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Why Knowledge Mapping is the First Step and Not the End Goal (Knowledge Mapping Part 3)

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Why Knowledge Mapping is the First Step and Not the End Goal (Knowledge Mapping Part 3)

Apr 18, 2024   |  By
KMI Guest Blogger Ekta Sachania

Knowledge holds value when it can be turned into actionable insights, help you make smart decisions, or repurposed it to save time that might otherwise be spent in recreating data that already exists. 

Knowledge continuously evolves hence we need to continue to harvest, and review the knowledge to keep it relevant. The knowledge that can be acted upon is useful, and the framework that defines and streamlines the process to harvest, review, and make the knowledge available for the person who needs it to take action or decision is the knowledge management framework.

One of the key components of knowledge mapping and a key first step is knowledge mapping. The context of knowledge mapping differs from organization to organization depending upon their goals, and requirements. Knowledge mapping is a key entity for any service line or offering. It helps the stakeholders understand where the current knowledge resides, the key knowledge owners, gaps versus requirements, and how to establish the flow of knowledge from owners to the seeker while overcoming the gaps, and challenges.

It is a visual representation of knowledge flow in a team, project, or service line to identify:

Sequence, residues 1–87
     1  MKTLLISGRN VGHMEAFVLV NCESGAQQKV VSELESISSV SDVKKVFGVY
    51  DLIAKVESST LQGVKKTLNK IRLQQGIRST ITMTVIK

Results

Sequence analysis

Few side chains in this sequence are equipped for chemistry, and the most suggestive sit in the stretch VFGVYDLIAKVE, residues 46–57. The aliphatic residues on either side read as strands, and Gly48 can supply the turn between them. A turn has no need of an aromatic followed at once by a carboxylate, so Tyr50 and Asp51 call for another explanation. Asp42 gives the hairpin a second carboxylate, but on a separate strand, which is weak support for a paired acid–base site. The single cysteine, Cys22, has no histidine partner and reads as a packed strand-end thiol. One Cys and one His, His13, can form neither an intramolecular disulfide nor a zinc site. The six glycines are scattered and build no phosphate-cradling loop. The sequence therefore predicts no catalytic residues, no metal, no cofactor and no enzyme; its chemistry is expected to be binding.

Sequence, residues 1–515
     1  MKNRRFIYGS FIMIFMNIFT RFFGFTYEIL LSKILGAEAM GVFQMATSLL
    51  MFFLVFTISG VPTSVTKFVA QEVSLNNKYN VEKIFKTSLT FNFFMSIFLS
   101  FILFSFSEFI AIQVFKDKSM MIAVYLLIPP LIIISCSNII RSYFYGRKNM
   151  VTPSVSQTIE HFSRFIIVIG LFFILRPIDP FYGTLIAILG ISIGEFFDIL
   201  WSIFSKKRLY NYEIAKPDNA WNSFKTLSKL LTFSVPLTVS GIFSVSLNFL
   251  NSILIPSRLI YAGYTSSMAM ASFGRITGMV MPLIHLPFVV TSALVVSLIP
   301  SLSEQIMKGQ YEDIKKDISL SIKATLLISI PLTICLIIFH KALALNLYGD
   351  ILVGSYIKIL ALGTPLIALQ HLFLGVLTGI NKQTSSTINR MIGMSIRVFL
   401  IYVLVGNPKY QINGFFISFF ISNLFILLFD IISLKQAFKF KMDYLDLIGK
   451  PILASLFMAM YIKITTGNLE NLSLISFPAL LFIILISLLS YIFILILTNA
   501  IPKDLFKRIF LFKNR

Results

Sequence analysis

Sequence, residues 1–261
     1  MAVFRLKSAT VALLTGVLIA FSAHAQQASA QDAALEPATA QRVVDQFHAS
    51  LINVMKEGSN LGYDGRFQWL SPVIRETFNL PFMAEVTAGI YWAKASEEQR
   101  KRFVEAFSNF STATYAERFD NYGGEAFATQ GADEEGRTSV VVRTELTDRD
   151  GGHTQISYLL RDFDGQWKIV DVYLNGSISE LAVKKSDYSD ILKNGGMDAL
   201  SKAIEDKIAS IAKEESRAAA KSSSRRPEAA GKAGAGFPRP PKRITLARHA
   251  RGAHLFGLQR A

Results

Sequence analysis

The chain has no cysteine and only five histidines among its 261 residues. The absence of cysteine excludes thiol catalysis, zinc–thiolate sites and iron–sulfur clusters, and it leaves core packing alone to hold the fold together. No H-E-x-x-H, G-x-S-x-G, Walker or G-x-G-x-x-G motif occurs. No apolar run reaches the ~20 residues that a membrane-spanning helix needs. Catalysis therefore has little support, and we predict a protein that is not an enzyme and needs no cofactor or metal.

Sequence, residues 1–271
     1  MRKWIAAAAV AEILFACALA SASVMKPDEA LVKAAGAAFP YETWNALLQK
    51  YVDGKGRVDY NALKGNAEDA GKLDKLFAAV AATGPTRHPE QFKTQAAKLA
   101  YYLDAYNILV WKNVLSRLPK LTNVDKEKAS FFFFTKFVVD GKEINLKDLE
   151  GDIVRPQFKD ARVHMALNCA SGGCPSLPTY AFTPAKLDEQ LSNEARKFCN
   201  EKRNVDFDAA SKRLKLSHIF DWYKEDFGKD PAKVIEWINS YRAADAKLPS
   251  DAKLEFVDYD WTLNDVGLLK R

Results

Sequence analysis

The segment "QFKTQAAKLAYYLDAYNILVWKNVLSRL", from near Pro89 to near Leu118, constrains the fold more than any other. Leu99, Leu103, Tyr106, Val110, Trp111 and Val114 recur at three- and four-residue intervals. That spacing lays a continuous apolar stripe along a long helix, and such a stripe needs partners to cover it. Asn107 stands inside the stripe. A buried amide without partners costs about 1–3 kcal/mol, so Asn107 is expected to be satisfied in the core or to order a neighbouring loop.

• Knowledge sources both tacit and explicit
  • Knowledge gaps
  • Knowledge gap impact and areas at risk due to knowledge gaps

Here are simple steps to build your knowledge map. 

  • Establish the objective – what we want to achieve through this exercise, your targeted goals, business outcome, and key stakeholders.
  • Identify an area of concern and key sources – Once you have zeroed down the team or project, you want to start with, identifying the key skills or knowledge required for employees to perform their tasks, their current skill levels and gaps as well as current knowledge residing in your organization to help employees upskill.
  • Connect the dots – Once you identify your knowledge sources and map them against the existing skill set, it is easy to identify the gaps and areas of concern.

Also, as we discussed knowledge mapping is just the starting point and not the end goal as it provides a visual goal of where knowledge resides, the current state of knowledge, and the gaps, and obstacles in the flow or use of knowledge which can then help you define your knowledge strategy to achieve efficiency and intended outcome. 

 


Ekta Sachania has over 15 years of experience in learning and talent development disciplines, including knowledge management, content management, and learning & collaboration with expertise in content harvesting, practice enablement, metrics analysis, site management, collaboration activities, communications strategy and market trends analysis. Demonstrated success in managing multiple stakeholder expectations across time zones and exhibiting good project management skills, by successfully developing and deploying projects for large audiences.  Ability to adapt and work in emerging areas with fast-shifting priorities.  Connect with Ekta at LinkedIn...

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